British Hospitality Association Chief Executive Ufi Ibrahim: “We welcome the government’s decision on airport expansion at Heathrow. The challenge from other European hub-airports vying to replace Heathrow is serious, especially once the UK has left the European Union. This decision demonstrates that the UK is open to visitors and investment from across the globe, and will also allow space for domestic air links to support regional tourism right across the country.”
London Luton Airport CEO Nick Barton: “With the decision made the government must now focus on how to meet the already growing demand for air services during the 10-15 years it will take to deliver the new runway. Passenger numbers continue to be way ahead of forecasts and so there has to be a much higher utilisation of existing runway capacity at other airports. Rail links are currently the major limiting factor and must be improved to temper the capacity crunch in the short-term.”
EasyJet CEO Carolyn McCall: “This is good news for UK consumers and businesses and will help ensure that the UK is better connected to the rest of the world. With the right charging structure and the right infrastructure for our efficient model, easyJet plans to operate from Heathrow, in addition to our existing London bases, providing new routes and lower fares to customers.”
Virgin Atlantic: “We support Heathrow expansion provided that it delivers for our customers. This is an exciting, once in a generation opportunity to radically transform airline competition at the UK’s hub airport. New capacity must be allocated in a way that brings more choice, better service and lower fares for customers. We will work with Heathrow, the CAA and the government to ensure that the final scheme is affordable, cost-efficient and that the customers of today are not overburdened by paying for runways and facilities that won’t be open until the mid-2020s.”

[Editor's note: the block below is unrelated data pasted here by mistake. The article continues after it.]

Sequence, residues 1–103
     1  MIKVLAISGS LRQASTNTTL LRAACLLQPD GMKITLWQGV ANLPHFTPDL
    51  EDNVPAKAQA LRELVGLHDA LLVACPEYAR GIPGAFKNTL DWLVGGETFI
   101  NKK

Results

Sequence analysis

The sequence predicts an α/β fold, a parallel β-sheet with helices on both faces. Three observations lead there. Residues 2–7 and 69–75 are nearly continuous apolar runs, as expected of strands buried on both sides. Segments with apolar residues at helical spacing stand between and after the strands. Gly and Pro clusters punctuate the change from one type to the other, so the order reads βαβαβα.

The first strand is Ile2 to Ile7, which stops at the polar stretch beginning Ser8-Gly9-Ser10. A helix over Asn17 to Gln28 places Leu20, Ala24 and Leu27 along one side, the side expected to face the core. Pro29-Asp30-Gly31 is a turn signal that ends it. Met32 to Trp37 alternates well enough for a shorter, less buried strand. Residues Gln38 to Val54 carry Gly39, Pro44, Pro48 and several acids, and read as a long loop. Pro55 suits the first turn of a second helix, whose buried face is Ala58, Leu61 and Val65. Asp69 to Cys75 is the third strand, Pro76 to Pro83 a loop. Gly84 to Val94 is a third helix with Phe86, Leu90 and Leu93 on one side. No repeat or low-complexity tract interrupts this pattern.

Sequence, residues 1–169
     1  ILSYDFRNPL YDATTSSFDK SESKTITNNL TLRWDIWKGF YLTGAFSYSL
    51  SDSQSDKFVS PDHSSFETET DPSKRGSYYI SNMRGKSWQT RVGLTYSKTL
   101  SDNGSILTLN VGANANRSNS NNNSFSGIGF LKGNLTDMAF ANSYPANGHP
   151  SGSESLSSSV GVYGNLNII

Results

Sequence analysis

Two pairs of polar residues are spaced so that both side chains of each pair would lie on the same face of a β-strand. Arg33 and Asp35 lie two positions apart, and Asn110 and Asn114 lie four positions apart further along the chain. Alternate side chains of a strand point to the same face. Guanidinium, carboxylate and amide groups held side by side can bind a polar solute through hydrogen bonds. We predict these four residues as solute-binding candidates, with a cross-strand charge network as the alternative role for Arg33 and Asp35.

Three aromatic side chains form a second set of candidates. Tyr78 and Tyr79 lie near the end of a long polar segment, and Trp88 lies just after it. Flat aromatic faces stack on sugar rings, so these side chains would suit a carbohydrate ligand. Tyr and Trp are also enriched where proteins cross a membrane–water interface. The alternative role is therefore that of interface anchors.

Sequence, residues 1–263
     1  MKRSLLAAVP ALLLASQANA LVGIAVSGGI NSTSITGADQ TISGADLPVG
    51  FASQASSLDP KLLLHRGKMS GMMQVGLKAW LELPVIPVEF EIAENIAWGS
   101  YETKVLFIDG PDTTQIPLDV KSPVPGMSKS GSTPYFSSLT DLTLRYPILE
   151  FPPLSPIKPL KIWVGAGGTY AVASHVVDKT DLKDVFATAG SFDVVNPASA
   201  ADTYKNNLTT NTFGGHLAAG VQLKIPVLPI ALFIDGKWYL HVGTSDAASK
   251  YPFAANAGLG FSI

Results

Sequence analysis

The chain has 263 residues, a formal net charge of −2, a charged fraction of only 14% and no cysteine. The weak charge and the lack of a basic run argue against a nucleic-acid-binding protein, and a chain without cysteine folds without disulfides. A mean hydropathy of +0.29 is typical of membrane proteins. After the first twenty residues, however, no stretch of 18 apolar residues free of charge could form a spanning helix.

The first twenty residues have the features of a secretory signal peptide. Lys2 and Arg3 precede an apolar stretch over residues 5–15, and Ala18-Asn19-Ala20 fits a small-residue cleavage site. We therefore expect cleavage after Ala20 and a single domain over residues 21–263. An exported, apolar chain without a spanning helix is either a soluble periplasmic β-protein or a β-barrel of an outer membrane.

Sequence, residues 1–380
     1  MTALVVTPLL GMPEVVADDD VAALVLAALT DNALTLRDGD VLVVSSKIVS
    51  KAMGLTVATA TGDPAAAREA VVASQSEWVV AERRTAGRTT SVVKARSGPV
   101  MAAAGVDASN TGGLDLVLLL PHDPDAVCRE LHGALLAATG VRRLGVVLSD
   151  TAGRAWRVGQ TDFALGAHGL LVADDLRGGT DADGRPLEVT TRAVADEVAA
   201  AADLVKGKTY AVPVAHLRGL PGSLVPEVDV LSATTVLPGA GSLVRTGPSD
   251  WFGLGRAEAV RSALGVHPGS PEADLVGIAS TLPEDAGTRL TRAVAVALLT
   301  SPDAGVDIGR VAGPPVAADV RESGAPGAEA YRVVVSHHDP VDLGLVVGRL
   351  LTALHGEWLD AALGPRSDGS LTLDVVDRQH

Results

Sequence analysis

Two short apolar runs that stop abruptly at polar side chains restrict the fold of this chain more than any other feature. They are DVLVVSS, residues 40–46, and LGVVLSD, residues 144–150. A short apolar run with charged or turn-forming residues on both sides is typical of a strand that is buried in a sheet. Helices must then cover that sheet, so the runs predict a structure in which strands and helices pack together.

Star Alliance CEO Mark Schwab: “Today’s decision is good news for the millions of customers who opt to travel every year through Terminal 2: the Queen`s Terminal – Star Alliance`s home in Heathrow. London Heathrow is already one of the most active hub airports for Star Alliance, served by 24 of our 28 member airlines. This decision opens up the possibility for our airlines to offer even more flights to more destinations and comfortable connections to all parts of the world.”